Human Rights Watch releases long awaited report on child labor – National Consumers League

By Sally Greenberg, NCL Executive Director

The National Consumers League welcomes Human Rights Watch’s (HRW) long-awaited report Fields of Peril – Child Labor in US Agriculture. HRW is a longtime and invaluable partner with NCL and the Child Labor Coalition in pressing for protections for farmworker kids in the United States.

HRW’s report is an update from its 2000 “Fingers to the Bone: United States Failure to Protect Child Farmworkers,” and the conclusions from the 2009 report are all the more sobering because, as HRW concluded, “Shockingly, we found that conditions for child farmworkers in the United States remain virtually as they were a decade ago.”

NCL co-chairs the Child Labor Coalition with the American Federation of Teachers. The CLC is the only coalition of its kind in the US that brings together organizations dedicated to eradicating child labor, both in the US and abroad. Our domestic priority, led by our child labor director Reid Maki, is the adoption of the Children’s Act for Responsible Employment or CARE Act, which will give the same child labor protections to farmworker kids that all other kids enjoy.

HRW interviewed 59 children in 14 states. What they found is that children who work picking crops toil in the fields at far younger ages, for far longer hours, and under far more hazardous conditions than all other working children. As the report notes, this means:

an end to childhood, long hours at exploitative wages, and risk to their health and sometimes their lives. Although their families’ financial need helps push children into the fields – poverty among farmworkers is more than double that of all wage and salary employees– the long hours and demands of farmwork result in high-drop-out rates from school. Without a diploma, child workers are left with few options besides a lifetime of farmwork and the poverty that accompanies it.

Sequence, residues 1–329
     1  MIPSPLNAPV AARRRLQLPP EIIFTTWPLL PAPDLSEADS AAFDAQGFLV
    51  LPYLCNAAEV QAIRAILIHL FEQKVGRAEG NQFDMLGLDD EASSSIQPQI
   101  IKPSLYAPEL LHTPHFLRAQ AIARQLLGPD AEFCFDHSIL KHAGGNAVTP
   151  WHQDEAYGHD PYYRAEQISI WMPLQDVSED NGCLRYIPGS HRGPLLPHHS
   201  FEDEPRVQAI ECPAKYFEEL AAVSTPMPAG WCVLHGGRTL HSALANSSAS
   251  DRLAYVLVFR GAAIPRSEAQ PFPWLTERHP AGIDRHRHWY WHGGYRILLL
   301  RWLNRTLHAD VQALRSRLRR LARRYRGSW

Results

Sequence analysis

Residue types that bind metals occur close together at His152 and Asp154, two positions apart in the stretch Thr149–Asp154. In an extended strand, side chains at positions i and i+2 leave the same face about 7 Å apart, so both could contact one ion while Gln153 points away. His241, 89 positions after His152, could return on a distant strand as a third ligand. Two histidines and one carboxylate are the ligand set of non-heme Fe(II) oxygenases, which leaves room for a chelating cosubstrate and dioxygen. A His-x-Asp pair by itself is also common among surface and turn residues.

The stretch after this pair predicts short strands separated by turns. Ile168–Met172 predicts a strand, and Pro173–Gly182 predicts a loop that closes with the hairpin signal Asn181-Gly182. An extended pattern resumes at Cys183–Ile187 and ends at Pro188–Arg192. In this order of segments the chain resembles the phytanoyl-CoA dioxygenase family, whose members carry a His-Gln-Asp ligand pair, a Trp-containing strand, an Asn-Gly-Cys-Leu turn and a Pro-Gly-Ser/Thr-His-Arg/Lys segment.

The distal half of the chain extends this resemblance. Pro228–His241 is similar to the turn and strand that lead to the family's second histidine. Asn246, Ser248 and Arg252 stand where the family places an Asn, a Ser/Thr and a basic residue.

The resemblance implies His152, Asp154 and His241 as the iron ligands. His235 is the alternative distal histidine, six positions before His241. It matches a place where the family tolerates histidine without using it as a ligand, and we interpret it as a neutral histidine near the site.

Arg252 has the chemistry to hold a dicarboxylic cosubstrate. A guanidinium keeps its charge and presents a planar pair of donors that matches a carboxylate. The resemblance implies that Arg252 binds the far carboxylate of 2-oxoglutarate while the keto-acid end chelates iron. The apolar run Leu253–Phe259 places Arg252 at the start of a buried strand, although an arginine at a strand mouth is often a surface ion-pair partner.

Under the Fair Labor Standards Act, which regulates child labor, children in agriculture receive much less protection than children working in other jobs. Under the law, on small farms with parental permission, outside of school hours, there is no minimum age for workers. Children ages 12 and 13 can work for any size farm with their parents’ consent outside of school hours; children 14 and 15 can work on any size farm without parental consent outside of school hours; there are no restrictions on employing children ages 16 and older, including in hazardous agricultural occupations.

By comparison, kids doing nonagricultural work are prohibited from almost all jobs—except for baby sitting, delivering newspapers, and a few other rare exceptions—when they are under age 14, and children ages 14 and 15 may work only in certain jobs designated by the Secretary of Labor and only for limited hours outside of school. Children in nonagricultural jobs are also prohibited from performing hazardous work before age 18.

The condition of farmworker kids in the United States is a national disgrace. These kids don’t get the education they need to break out of this cycle of poverty. But their situation is not really so different from the condition of children working in factories, mines or bakeries in America at the turn of the 20th Century. Florence Kelley, in heading the NCL’s work back then, would have made the same arguments to authorities and poor  families that we are making today – get these kids out of the fields and into schools and they won’t end up as their parents are: still poor and without other employment options.  And while we are at it, let’s pay farmworkers a decent wage, ensure clean water and toilet facilities close to their worksite, and give them access to housing that is more than a shack with an outdoor toilet.

We are indebted to our colleagues at HRW, Jo Becker and Zama Coursen-Neff, for this excellent new report, which should serve as a wake-up call for policymakers and legislators across the United States.